A Recession Doesn’t Equal a Housing Crisis
People are speculating about a future recession everywhere you turn. And if you're thinking about buying or selling a home, this might make you reevaluate your decision. In order to allay your concerns, experts predict that if a recession does occur, it will be light and brief. As the Federal Reserve stated during their meeting in March:
“. . . the staff’s projection at the time of the March meeting included a mild recession starting later this year, with a recovery over the subsequent two years.”
Despite the possibility of a recession, it won't be as severe as the 2008 housing market catastrophe. We must keep in mind that a housing crisis is not usually the result of a recession.
Let's examine historical data on what occurred in real estate during prior recessions to see if that's the case. So that you are aware of why you shouldn't be concerned about what a recession would mean for the current home market.
Falling housing costs are not a sign of a recession.
It helps to look at historical data to demonstrate that home prices don't always decrease during recessions. Home prices increased in four of the most recent six recessions, as shown in the graph below, which examines downturns dating all the way back to 1980. Therefore, historically speaking, home values don't necessarily decrease when the economy weakens.
The majority of individuals believe that the 2008 housing crisis, which is shown by the greater of the two red bands in the graph above, will repeat itself during the next recession. But because of different market fundamentals than in 2008, the housing market today is not about to fall. The abundance of homes for sale at the time that distressed properties flooded the market was one of the main factors that contributed to price declines. Since there aren't many houses on the market right now, home values may slightly increase or decrease in some places, but a crash isn't likely.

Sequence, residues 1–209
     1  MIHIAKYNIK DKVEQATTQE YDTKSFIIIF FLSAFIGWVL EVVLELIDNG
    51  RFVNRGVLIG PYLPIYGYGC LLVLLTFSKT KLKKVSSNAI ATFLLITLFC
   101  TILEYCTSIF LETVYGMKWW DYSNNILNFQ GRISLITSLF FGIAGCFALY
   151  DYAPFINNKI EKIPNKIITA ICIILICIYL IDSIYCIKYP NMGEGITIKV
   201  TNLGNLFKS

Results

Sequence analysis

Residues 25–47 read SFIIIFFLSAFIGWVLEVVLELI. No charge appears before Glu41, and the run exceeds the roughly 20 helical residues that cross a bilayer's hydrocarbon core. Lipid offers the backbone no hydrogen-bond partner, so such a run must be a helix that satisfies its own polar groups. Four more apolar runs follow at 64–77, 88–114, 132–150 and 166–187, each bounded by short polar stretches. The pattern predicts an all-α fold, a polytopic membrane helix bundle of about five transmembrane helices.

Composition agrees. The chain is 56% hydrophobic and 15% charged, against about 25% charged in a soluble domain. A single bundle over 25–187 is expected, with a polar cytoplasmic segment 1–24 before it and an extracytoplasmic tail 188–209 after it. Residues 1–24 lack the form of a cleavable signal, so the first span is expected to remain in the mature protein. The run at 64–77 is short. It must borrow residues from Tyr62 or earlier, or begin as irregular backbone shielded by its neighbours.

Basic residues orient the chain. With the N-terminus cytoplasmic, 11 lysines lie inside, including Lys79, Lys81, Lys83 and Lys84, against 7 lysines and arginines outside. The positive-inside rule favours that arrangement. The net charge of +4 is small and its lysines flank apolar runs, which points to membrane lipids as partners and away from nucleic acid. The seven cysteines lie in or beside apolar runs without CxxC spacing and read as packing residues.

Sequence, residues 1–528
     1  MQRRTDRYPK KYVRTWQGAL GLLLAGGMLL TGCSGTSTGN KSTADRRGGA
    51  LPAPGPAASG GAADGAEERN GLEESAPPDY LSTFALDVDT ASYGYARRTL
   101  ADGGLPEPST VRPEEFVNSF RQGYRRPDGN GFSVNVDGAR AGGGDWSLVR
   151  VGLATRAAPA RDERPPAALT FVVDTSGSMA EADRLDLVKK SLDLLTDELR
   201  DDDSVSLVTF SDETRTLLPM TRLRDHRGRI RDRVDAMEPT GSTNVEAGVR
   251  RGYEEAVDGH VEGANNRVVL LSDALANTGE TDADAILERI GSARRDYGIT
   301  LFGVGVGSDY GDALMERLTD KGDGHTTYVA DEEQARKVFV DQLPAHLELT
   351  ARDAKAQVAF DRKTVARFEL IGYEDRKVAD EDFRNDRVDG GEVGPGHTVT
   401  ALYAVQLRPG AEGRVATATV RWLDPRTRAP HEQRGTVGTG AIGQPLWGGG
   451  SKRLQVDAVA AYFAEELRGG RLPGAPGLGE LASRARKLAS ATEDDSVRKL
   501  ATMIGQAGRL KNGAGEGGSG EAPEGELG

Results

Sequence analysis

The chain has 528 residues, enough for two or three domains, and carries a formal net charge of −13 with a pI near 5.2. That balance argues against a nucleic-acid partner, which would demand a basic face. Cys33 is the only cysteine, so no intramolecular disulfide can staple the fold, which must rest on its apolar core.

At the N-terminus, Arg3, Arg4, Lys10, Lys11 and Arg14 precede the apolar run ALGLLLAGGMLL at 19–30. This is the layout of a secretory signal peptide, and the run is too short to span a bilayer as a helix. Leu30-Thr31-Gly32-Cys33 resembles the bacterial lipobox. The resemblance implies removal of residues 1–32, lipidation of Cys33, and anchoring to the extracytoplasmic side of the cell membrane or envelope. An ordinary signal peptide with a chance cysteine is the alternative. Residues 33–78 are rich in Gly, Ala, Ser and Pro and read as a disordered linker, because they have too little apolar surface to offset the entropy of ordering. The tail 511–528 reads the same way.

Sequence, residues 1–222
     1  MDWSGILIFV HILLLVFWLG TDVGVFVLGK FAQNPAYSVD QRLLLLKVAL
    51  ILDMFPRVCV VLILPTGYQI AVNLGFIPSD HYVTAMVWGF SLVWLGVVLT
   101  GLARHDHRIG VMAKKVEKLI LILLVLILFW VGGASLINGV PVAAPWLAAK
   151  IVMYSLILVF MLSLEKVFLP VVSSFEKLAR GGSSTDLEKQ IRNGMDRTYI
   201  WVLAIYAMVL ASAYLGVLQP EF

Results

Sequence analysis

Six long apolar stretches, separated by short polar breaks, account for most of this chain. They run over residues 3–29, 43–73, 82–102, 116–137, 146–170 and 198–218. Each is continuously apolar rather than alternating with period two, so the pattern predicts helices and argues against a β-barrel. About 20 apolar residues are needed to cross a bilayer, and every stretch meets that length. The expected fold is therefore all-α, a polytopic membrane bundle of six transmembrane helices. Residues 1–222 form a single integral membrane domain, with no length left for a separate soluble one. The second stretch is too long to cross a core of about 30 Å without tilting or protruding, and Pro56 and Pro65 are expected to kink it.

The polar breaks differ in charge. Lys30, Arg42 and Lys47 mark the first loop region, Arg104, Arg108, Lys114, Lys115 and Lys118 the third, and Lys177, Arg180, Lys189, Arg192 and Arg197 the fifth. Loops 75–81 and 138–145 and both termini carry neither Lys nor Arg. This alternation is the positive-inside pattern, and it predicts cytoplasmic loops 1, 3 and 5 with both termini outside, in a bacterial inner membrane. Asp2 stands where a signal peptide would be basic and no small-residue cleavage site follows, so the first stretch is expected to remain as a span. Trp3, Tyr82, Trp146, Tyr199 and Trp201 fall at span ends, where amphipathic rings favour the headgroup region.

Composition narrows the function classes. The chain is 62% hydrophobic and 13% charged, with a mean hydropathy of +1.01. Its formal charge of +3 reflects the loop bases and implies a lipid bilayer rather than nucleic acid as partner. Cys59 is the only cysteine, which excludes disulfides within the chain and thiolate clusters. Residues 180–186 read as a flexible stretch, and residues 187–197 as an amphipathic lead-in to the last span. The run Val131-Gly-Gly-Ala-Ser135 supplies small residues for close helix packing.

Mortgage rates will decline during a recession.
Falling mortgage rates are what a recession actually implies for the property industry. According to the graph below, historically, mortgage rates fell whenever the economy slowed down.
According to Bankrate, mortgage rates normally decrease in a down economy.
“During a traditional recession, the Fed will usually lower interest rates. This creates an incentive for people to spend money and stimulate the economy. It also typically leads to more affordable mortgage rates, which leads to more opportunity for homebuyers.”
Mortgage rates have been particularly erratic this year as a result of the rising inflation. The affordability of buying a home has been impacted by the 30-year fixed mortgage rate, which has been ranging between about 6 and 7 percent.
The days of mortgage rates falling to 3% are over, but history teaches us that they might do so if there is a recession.
To sum up
There's no need to worry about what a recession will do to the property market. Experts predict a modest and brief recession if it occurs, and history demonstrates that it also means lower mortgage rates.